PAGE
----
The Google Apps Marketplace launched Tuesday with third-party cloud apps from more than 50 other companies, which will use cloud-based applications to supplement Google's own online applications.

Google is trying to lure enterprise clients over from Microsoft products by making it easy for businesses to quickly add to their Google Apps arsenal.

The program enables integrations with such applications as Google Gmail, Documents, Sites and Calendar.

Once installed to a company's domain, these third-party applications work like native Google applications. With administrator approval, they may interact with calendar, email, document and/or contact data to increase productivity. Administrators can manage the applications from the familiar Google Apps control panel, and employees can open them from within Google Apps, Chris Vander Mey, product manager for the Google Apps Marketplace wrote in a blog post.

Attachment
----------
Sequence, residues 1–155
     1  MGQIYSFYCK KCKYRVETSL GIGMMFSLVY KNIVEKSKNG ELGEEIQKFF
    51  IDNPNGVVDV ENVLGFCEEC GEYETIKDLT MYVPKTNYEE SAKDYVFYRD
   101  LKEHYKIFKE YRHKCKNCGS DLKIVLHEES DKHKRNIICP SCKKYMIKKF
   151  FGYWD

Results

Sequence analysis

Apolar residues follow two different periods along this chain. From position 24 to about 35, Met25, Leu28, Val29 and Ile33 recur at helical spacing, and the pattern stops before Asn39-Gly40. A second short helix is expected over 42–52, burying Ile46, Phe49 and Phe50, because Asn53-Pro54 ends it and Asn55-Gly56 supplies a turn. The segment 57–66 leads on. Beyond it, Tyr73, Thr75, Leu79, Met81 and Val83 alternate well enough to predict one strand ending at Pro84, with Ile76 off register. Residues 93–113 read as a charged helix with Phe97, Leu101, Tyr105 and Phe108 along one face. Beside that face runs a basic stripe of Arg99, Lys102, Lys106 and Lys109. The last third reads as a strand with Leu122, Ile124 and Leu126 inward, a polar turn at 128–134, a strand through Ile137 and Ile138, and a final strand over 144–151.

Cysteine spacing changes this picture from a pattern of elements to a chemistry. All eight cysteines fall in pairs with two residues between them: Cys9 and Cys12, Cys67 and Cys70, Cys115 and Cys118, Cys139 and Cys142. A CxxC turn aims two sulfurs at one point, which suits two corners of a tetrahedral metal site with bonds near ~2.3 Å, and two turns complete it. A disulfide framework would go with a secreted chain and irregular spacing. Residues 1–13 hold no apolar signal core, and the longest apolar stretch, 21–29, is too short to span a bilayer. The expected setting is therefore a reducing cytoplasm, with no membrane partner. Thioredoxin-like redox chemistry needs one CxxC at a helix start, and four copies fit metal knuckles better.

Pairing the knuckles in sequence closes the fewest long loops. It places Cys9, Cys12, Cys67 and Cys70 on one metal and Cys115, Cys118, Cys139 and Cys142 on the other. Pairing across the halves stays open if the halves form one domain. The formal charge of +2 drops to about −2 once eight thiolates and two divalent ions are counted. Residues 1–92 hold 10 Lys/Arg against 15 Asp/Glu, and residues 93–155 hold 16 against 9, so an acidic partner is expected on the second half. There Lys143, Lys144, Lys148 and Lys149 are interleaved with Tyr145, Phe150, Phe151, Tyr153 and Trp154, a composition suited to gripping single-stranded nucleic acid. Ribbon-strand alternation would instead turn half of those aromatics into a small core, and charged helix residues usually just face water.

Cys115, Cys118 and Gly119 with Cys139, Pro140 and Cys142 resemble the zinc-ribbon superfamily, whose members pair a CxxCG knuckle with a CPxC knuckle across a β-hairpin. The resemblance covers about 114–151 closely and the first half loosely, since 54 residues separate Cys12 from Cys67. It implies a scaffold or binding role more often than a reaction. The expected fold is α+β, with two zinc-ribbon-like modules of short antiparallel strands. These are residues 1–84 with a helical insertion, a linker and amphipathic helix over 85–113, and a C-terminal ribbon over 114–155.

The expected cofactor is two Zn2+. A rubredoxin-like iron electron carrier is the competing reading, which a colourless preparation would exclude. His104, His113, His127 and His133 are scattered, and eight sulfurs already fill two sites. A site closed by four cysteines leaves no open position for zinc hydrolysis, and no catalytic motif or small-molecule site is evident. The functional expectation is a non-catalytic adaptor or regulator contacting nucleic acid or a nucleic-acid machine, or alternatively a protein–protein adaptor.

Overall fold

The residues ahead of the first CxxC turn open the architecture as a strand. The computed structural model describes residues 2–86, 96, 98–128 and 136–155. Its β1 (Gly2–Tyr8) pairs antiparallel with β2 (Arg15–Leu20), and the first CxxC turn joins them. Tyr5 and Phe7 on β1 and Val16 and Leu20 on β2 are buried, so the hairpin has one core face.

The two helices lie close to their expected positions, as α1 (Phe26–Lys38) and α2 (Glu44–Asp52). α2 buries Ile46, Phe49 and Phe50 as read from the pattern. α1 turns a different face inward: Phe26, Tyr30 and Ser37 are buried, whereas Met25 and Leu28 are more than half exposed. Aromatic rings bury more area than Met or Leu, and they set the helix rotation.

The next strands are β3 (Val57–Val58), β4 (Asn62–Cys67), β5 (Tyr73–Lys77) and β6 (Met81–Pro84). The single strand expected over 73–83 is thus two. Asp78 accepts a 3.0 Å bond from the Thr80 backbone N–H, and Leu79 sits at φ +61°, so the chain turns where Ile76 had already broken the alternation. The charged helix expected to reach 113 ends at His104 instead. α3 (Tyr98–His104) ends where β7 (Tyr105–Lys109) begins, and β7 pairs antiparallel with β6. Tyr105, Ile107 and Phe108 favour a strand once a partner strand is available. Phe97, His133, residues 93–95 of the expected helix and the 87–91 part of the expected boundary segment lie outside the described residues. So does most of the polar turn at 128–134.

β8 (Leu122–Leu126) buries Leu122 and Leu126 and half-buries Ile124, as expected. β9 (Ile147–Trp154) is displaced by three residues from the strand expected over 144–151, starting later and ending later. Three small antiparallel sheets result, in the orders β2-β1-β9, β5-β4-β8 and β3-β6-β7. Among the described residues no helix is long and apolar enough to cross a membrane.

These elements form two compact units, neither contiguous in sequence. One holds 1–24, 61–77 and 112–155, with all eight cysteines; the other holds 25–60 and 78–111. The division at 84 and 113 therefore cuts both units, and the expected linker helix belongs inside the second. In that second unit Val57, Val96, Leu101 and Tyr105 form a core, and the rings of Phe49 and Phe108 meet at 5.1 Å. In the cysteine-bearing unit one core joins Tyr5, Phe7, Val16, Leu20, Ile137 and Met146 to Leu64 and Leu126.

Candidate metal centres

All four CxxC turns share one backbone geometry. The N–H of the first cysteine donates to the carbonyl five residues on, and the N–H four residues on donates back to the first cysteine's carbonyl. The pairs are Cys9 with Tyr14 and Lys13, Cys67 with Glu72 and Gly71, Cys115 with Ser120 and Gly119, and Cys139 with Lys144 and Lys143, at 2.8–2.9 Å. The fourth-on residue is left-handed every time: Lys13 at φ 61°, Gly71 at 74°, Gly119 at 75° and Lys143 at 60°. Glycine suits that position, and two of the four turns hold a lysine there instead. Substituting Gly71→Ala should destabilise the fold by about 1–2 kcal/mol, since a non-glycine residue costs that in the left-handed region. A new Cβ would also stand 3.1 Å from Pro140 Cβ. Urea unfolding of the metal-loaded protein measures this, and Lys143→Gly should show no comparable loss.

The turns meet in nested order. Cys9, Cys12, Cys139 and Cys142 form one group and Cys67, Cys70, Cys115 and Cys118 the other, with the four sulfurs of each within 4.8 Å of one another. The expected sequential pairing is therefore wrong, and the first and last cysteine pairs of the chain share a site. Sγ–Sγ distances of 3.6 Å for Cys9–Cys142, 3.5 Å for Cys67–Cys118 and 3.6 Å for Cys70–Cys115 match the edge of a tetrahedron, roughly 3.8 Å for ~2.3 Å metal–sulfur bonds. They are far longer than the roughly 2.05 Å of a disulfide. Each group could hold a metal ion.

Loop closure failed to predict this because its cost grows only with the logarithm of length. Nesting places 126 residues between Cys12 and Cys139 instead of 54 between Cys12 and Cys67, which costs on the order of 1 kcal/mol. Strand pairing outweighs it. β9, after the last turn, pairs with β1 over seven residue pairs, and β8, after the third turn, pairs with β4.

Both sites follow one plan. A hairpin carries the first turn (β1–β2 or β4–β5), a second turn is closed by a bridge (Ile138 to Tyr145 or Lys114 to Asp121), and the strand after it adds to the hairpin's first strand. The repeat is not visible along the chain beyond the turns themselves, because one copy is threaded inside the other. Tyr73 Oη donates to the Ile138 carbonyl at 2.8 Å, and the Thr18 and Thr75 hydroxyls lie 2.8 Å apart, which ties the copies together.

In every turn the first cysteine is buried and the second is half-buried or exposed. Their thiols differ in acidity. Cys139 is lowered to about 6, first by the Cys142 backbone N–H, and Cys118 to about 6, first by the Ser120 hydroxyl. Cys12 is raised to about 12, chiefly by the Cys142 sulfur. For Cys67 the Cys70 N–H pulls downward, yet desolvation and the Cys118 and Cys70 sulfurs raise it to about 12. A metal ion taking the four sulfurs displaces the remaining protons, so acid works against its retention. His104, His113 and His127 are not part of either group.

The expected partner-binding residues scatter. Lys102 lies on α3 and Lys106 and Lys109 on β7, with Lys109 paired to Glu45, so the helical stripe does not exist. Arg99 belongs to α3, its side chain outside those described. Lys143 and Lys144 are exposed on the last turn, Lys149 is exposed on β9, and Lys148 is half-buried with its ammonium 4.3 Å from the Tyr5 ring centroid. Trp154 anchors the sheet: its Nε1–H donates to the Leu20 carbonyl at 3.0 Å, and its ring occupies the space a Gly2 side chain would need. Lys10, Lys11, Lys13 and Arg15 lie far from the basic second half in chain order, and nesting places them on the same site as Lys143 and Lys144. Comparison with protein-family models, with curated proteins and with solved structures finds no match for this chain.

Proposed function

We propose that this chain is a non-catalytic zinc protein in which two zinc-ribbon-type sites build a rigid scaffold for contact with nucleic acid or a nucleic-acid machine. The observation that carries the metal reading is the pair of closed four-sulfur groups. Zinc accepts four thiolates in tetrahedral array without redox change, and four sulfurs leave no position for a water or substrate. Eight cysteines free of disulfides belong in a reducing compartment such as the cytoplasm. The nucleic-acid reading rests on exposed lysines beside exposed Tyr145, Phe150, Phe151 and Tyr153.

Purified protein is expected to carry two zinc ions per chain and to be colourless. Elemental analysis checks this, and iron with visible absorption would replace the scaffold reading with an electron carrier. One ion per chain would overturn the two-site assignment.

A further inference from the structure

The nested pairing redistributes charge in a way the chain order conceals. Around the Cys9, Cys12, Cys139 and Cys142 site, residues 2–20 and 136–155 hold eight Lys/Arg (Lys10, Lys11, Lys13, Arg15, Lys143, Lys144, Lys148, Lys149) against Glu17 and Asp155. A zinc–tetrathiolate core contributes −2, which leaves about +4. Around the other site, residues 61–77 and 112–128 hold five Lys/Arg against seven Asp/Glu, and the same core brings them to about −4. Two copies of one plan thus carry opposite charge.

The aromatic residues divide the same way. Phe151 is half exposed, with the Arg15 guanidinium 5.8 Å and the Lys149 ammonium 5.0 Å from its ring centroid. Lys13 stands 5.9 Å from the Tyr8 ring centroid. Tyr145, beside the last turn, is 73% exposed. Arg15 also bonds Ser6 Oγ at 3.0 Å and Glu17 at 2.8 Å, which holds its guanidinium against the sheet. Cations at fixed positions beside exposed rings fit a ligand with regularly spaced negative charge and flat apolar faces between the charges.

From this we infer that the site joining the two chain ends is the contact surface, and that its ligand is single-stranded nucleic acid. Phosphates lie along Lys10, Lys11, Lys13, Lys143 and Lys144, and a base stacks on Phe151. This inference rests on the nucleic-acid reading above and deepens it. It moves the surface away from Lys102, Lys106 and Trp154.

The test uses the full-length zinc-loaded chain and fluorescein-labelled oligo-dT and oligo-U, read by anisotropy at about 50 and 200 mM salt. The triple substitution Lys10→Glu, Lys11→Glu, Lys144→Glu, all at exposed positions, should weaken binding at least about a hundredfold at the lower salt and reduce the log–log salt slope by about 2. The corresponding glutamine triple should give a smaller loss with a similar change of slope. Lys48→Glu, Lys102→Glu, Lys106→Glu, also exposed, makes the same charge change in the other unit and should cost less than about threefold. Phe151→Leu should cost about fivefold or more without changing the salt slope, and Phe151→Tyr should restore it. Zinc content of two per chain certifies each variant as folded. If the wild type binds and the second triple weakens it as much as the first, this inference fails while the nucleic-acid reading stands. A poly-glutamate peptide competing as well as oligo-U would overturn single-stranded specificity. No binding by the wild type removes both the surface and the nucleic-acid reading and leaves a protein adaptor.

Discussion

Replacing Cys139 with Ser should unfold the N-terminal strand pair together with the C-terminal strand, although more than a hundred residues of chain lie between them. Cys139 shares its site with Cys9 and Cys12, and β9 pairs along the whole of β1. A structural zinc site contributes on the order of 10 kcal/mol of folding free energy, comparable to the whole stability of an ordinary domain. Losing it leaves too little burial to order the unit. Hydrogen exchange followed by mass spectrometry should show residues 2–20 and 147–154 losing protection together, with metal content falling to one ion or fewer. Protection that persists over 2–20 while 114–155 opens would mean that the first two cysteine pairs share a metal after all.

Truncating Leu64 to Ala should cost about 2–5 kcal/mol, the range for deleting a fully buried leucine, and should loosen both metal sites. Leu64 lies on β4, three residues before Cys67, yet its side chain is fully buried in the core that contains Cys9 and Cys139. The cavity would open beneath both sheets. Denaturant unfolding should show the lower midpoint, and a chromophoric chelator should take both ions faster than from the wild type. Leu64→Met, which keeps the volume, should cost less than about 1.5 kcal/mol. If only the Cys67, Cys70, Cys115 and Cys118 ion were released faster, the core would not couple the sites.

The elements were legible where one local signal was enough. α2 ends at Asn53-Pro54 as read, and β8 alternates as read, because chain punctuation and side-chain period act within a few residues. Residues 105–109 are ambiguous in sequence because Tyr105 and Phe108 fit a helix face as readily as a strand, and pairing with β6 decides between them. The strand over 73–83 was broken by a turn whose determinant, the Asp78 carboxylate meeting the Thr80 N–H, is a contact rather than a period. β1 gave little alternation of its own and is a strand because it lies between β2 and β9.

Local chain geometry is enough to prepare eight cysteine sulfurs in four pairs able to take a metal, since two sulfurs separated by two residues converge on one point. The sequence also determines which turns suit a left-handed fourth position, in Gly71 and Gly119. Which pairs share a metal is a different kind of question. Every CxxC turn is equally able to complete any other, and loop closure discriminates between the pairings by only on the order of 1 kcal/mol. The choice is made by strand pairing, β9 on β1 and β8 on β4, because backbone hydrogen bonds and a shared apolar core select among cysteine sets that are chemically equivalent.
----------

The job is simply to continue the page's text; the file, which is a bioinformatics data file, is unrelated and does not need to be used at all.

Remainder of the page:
With OpenID integration, Google Apps users can access the other applications without signing in separately to each. The Google Apps Marketplace eliminates the worry about software updates, keeping track of different passwords and manual syncing and sharing of data, thereby increasing business productivity and lessening frustrations for users and IT administrators alike. That's the power of the cloud.

According to Mashable, app developers will pay a $100 flat fee and must share 20 percent of their revenue with Google. However, that's lower than the 30 percent required by most other application exchanges, including the Apple App Store.

In comparison, Microsoft has its Pinpoint catalog of Windows Azure applications, but the Google Apps Marketplace aims to be easy, one-stop shopping. Developers can offer their apps for purchase right on Google's site, and clients can buy them there too.